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Families who were suddenly dropped from Medicaid seek reinstatement

A MARTÍNEZ, HOST:

More than 1 million people have lost their Medicaid coverage since April. It's part of something called Medicaid unwinding. And it's happening because states had to keep people enrolled in this insurance program for low-income people throughout the COVID-19 pandemic. Those protections expired in March. From member station WLRN in Miami, Verónica Zaragovia reports...

VERÓNICA ZARAGOVIA, BYLINE: Most people who lost their Medicaid coverage in Florida didn't know they needed to submit paperwork to confirm their eligibility. Shirley Dominguez helps people get insured through her job as a navigator with Epilepsy Alliance Florida. She says that's why the Department of Children and Families, or DCF, purged a lot of people from its Medicaid rolls.

SHIRLEY DOMINGUEZ: They couldn't verify a home address. They couldn't verify the household size, or they couldn't verify a phone number.

ZARAGOVIA: Dominguez worries about those who are now uninsured but still qualify while this gets straightened out.

DOMINGUEZ: People that have multiple illnesses have been dropped. People that are disabled have been dropped just because of these procedural errors.

ZARAGOVIA: Alison Yager directs the Florida Health Justice Project.

ALISON YAGER: If we're seeing 80% of terminations were procedural, there's something wrong.

ZARAGOVIA: She spoke at a recent conference in central Florida on this topic known as the Medicaid unwinding.

YAGER: Let's pause and figure out what's not working and proceed when we're ready and sure that the damage is going to be significantly less.

ZARAGOVIA: The Biden administration has sent letters to governors urging states to take another month and do more outreach to Medicaid recipients losing their coverage. A spokesperson for Florida DCF said the state has sent text messages, emails and snail mail and also called people to alert them. Nonprofits and advocates say DCF is understaffed, and its employees are working hard to help. But they say the outreach has fallen short.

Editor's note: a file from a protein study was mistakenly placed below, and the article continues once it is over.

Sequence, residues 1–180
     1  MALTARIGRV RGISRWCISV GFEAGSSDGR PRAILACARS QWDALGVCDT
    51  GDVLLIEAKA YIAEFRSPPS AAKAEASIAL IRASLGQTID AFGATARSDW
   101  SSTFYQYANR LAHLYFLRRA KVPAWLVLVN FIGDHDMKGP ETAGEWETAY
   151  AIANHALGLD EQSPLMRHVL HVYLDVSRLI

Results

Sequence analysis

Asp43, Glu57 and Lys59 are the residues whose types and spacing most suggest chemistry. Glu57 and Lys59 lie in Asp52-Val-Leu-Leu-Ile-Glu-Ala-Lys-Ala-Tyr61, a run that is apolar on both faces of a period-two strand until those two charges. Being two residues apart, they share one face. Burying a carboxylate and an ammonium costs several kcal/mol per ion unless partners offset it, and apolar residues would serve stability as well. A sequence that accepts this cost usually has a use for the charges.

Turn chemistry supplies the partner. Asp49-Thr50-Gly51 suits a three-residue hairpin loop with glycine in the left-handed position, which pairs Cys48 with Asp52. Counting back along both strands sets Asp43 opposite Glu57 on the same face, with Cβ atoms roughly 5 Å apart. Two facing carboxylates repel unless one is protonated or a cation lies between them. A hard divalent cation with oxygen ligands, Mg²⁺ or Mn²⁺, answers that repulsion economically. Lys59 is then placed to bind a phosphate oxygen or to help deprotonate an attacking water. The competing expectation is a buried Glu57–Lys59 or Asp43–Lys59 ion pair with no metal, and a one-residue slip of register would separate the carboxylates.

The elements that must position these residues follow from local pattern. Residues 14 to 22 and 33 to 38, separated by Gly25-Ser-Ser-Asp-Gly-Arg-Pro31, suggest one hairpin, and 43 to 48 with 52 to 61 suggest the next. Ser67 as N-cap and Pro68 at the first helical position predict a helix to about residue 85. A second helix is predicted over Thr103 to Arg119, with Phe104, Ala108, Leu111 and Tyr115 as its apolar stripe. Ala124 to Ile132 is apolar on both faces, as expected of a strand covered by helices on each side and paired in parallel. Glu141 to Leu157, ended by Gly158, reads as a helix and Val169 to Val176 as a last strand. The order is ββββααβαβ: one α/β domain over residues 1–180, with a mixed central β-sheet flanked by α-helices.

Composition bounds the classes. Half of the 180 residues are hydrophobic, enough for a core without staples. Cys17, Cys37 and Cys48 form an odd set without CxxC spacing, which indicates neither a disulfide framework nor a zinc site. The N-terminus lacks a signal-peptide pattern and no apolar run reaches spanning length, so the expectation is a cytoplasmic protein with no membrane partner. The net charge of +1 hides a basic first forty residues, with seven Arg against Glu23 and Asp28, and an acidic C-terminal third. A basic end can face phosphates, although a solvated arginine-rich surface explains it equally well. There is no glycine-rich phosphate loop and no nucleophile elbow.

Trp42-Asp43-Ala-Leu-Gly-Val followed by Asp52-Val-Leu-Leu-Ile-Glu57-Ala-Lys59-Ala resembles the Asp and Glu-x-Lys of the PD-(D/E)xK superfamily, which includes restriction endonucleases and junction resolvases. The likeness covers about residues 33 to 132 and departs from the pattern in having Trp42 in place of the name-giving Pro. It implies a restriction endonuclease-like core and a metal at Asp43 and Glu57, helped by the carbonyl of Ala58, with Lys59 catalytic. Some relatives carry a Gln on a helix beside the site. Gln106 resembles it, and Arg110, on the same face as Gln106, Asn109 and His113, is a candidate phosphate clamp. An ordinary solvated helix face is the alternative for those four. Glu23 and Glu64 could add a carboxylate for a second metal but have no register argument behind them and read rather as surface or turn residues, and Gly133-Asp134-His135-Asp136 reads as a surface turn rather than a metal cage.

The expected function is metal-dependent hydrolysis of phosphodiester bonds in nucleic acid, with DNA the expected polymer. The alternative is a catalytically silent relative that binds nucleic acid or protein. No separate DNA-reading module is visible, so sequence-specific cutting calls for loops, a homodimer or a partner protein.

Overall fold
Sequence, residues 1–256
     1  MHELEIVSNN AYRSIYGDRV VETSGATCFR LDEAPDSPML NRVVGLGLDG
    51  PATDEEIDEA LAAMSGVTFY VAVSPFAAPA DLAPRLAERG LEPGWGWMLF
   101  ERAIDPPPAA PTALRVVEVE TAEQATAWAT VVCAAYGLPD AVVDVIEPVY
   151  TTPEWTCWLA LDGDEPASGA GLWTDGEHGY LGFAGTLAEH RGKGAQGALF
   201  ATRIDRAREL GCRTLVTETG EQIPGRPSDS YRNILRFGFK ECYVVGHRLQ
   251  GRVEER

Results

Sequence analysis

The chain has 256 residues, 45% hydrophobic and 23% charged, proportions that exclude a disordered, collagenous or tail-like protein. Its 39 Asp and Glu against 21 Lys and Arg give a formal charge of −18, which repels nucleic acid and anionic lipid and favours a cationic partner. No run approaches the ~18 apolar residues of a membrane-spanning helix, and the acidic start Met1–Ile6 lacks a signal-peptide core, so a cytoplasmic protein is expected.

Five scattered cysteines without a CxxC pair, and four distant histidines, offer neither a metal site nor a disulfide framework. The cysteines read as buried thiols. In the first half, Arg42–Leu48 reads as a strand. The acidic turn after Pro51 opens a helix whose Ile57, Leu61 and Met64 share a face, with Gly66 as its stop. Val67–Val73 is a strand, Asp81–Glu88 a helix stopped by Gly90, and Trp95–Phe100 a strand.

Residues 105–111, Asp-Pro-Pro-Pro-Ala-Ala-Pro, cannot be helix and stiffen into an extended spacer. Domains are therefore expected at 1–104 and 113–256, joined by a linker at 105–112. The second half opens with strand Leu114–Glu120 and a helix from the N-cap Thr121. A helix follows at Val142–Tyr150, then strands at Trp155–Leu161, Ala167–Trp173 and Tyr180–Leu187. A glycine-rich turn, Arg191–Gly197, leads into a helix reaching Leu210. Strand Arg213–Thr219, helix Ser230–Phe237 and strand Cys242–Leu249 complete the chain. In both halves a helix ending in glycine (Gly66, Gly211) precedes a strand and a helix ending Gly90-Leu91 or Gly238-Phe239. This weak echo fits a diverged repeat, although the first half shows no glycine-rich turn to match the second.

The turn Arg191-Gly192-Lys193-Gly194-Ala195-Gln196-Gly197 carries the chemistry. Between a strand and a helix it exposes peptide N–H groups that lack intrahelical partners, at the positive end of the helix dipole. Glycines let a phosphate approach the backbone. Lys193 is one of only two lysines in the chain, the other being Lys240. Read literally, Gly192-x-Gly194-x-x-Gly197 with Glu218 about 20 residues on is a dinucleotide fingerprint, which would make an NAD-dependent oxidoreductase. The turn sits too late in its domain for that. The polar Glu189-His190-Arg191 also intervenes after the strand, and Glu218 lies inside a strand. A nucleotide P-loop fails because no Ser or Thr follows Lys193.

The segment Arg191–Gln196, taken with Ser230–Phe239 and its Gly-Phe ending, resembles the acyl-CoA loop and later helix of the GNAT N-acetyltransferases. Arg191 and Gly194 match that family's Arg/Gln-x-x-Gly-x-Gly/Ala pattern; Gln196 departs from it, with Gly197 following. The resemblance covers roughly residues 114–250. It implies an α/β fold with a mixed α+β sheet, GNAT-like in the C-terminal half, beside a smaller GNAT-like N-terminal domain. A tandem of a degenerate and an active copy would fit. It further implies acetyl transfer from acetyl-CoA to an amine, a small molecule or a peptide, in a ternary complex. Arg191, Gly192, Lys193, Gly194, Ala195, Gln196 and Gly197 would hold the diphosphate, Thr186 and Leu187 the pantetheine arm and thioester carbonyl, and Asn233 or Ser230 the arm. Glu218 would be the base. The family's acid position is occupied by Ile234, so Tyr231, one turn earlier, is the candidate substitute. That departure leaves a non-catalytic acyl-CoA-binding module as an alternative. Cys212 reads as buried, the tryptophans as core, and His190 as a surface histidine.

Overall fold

(SOUNDBITE OF MONTAGE)

UNIDENTIFIED PERSON #1: Almost 1 million Floridians are falling into a new post-COVID Medicaid cancellation. And if you don't act now, you may lose your health care coverage completely. But...

UNIDENTIFIED PERSON #2: (Speaking Spanish).

ZARAGOVIA: The Epilepsy Alliance Florida sponsored these radio commercials to help. Vanessa Brito, a community activist in Miami, posts tutorial videos on her Facebook page, which has 33,000 followers.

(SOUNDBITE OF VIDEO)

VANESSA BRITO: And I wanted to just give you an easy, quick tutorial on how to figure it out on your own if I'm not available or I don't see your comments or questions...

ZARAGOVIA: People post requests for help on her page.

BRITO: I'm getting people that are either going to the doctor or going to the pharmacy to pick up their refill for a medication, and they're being told, oh, well, your Medicaid is no longer active.

ZARAGOVIA: One of her followers on Facebook, Melissa, asked us not to use her last name. She worries speaking on this could affect her employment. She lives near Cape Canaveral, and her children recently lost Medicaid. She says she never heard from DCF about it.

MELISSA: I just happened to know to look because Vanessa had posted something.

ZARAGOVIA: Melissa's daughter needs expensive medication for diabetes. Her son has a condition that causes an erratic heartbeat. Melissa works a contract job in nursing that has no benefits, but gives her flexible hours in case her son needs hospitalization. She's frustrated with the time it's taking to get this fixed.

MELISSA: Does it seem fair for the working people who are barely getting by? It doesn't. And then you take away the one thing that they need - health care. How are we going to be healthy enough to continue working?

ZARAGOVIA: Florida officials have not yet said if they will be pausing the Medicaid unwinding. For NPR News, I'm Verónica Zaragovia in Miami. Transcript provided by NPR, Copyright NPR.

NPR transcripts are created on a rush deadline by an NPR contractor. This text may not be in its final form and may be updated or revised in the future. Accuracy and availability may vary. The authoritative record of NPR’s programming is the audio record.

Verónica Zaragovia